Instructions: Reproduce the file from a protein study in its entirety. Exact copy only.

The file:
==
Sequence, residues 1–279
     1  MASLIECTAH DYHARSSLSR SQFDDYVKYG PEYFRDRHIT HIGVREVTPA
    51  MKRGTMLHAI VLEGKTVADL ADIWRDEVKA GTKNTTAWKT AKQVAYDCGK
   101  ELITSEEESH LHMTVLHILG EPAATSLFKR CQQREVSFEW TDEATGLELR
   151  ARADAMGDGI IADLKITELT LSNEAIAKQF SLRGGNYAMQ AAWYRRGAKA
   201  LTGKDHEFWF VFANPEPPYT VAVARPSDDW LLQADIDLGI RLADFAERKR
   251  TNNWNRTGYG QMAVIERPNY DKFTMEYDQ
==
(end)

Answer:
Sequence, residues 1–279
     1  MASLIECTAH DYHARSSLSR SQFDDYVKYG PEYFRDRHIT HIGVREVTPA
    51  MKRGTMLHAI VLEGKTVADL ADIWRDEVKA GTKNTTAWKT AKQVAYDCGK
   101  ELITSEEESH LHMTVLHILG EPAATSLFKR CQQREVSFEW TDEATGLELR
   151  ARADAMGDGI IADLKITELT LSNEAIAKQF SLRGGNYAMQ AAWYRRGAKA
   201  LTGKDHEFWF VFANPEPPYT VAVARPSDDW LLQADIDLGI RLADFAERKR
   251  TNNWNRTGYG QMAVIERPNY DKFTMEYDQ